Big Island ARRL News, 05 December 2016, 17:45 hrs.
Author: Dale Cox (KH7LZ).
The annual Big Island Multiple Sclerosis Bicycle Race was held on Saturday, 29 October 2016, in North Kohala. The purpose of the annual event was to raise awareness of this terrible disease. Normally, the race is held in August, but it was changed this year in hopes of cooler weather for all participants.
Race coordinator Candice Schwalbach asked Hawaii Island Amateur Radio operators (hams) to assist with communications in the cell phone dead zone in North Kohala between mile markers 16-20. Amateur Radio operators set up a communications network to send priority and emergency messages for participants needing technical repairs, first aid, or ambulance/police services should the situation arise. According to radio amateur Dale Cox (KH7LZ), the event was a great opportunity “to brush up on general operating procedures as well as operating in a controlled net.” Cox said Hawaii Island hams staffed five field units, a net control station (NCS), and one mobile unit.
Race officials said there were 90 contestants registered for the Saturday event, a slight decrease in participants possibly due to the schedule change. The event was delayed for 30 minutes because of rain and gusty winds. The Amateur Radio net became operational around 8:15 a.m. on the 146.94 MHz repeater disconnected from the BIWARN network. Fortunately, there were no requests for tech support, first aid, or emergency responders. Scout cyclists asked the Amateur Radio communications net to inform race coordinator Candice Schwalbach that high winds and rain were prevailing in the communications zone to Kapaau. As a result of these Amateur Radio updates, many contestants turned around before reaching the radio zone, though it’s unclear how many turned back.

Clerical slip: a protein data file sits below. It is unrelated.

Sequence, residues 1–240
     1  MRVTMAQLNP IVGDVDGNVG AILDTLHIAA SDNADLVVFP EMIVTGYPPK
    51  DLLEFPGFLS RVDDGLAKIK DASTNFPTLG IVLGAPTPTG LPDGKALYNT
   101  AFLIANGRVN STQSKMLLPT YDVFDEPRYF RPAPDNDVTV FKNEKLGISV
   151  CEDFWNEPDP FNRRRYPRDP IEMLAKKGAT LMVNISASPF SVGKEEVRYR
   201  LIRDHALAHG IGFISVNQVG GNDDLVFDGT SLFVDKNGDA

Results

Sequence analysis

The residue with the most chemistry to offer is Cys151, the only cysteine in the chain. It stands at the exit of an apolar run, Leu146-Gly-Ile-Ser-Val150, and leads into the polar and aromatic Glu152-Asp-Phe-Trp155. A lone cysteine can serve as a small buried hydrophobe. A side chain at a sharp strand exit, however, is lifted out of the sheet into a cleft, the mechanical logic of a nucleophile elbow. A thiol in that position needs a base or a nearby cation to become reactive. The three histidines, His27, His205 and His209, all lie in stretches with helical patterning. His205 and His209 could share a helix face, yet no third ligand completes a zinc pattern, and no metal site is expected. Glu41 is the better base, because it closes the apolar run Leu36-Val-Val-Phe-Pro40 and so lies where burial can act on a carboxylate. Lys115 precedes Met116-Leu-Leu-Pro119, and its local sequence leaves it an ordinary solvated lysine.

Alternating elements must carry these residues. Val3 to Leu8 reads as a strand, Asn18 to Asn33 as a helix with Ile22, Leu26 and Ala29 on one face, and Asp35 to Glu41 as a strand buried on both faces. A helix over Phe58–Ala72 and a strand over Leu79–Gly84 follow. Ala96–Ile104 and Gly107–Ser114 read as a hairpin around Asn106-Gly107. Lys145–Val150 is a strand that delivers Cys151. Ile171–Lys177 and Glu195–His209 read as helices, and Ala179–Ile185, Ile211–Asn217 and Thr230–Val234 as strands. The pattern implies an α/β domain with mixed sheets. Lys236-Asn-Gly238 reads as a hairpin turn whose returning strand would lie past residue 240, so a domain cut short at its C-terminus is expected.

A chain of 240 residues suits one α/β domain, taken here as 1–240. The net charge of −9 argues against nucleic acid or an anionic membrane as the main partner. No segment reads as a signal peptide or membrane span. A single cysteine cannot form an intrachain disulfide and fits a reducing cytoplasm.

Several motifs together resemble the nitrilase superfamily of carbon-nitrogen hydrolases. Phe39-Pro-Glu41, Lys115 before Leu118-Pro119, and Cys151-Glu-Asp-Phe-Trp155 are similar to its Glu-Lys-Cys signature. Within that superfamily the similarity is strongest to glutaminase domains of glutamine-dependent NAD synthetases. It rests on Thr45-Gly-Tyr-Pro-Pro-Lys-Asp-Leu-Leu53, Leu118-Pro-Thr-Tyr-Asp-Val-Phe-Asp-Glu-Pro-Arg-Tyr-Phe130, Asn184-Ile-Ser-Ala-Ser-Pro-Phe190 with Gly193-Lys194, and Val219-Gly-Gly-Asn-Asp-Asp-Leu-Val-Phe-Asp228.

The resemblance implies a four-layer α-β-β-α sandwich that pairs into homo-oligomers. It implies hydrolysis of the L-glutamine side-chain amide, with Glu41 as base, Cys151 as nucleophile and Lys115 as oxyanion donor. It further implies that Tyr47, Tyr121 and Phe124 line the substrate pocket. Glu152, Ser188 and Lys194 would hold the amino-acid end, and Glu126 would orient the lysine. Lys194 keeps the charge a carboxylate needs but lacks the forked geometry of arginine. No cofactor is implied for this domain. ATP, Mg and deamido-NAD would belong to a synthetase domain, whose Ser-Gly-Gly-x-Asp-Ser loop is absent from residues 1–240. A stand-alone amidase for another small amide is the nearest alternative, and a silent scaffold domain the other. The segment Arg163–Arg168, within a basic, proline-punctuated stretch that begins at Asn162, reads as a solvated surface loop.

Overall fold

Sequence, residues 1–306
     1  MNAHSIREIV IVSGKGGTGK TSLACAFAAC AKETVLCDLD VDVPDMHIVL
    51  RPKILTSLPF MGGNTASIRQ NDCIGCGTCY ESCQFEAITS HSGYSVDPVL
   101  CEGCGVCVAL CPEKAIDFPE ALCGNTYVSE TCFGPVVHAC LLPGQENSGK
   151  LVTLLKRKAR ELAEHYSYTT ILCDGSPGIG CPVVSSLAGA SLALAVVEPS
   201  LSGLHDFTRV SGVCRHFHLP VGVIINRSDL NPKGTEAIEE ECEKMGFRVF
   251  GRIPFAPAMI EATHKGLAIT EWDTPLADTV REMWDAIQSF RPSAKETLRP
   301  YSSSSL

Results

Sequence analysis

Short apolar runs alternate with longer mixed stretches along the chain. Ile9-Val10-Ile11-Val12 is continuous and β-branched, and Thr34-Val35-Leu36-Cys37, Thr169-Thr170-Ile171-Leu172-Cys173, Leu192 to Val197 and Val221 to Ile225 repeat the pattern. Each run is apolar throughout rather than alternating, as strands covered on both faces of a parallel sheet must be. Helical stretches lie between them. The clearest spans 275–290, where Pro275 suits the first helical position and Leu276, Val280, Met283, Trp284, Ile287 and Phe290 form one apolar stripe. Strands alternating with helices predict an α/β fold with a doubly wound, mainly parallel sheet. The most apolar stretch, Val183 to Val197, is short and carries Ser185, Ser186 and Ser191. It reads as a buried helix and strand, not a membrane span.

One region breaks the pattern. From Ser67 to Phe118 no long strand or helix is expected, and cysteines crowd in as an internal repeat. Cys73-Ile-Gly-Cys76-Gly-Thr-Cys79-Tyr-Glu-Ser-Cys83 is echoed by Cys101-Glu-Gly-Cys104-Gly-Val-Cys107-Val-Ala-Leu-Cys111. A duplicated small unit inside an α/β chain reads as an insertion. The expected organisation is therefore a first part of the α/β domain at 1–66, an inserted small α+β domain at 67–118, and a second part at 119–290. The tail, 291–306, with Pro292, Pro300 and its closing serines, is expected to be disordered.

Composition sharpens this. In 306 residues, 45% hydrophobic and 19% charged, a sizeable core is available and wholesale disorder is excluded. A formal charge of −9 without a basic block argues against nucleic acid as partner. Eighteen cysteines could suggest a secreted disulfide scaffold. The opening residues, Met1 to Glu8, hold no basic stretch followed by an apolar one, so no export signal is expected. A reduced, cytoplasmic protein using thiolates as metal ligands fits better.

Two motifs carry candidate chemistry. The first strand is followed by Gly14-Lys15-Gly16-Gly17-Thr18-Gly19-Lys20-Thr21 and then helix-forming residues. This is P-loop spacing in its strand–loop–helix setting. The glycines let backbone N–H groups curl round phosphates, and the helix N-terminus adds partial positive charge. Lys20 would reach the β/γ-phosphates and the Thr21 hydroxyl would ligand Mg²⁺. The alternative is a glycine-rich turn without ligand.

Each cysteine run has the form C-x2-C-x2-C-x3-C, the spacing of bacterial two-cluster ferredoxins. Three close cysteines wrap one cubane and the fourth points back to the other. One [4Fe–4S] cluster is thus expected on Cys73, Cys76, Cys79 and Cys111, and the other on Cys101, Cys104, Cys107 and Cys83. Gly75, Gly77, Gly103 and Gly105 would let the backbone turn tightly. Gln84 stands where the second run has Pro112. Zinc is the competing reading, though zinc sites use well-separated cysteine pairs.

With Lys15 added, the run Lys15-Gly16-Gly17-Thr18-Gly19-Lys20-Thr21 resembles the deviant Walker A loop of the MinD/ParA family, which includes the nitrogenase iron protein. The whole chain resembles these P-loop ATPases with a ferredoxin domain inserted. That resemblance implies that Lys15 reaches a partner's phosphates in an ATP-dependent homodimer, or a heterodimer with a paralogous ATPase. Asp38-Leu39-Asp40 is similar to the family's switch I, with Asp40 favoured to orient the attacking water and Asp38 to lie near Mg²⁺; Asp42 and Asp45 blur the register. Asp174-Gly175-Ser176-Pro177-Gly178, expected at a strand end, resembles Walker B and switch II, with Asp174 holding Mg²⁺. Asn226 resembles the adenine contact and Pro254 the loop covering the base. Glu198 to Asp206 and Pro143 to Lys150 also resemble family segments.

After all contestants passed through the cell phone dead zone, towards Waikoloa Village, the Amateur Radio communications network was shut down around 11:00 a.m. It’s noteworthy to mention that at Mile Marker 20 cell phone service usually works, allowing the net control station (NCS) to communicate with race operations when needed. Dale Cox (KH7LZ) adds “cell phone service is spotty or unavailable 200 feet beyond that.” A special mahalo goes to these Hawaii Island Amateur Radio operators who participated in the bike race communications network: Marc Maloney (WH7CA), Michael Sumja (WH7WW), Norm Cobler (NH7UA), April Lee (WH7WZ), Jim Williams (WH6TAT), and Dale Cox (KH7LZ).
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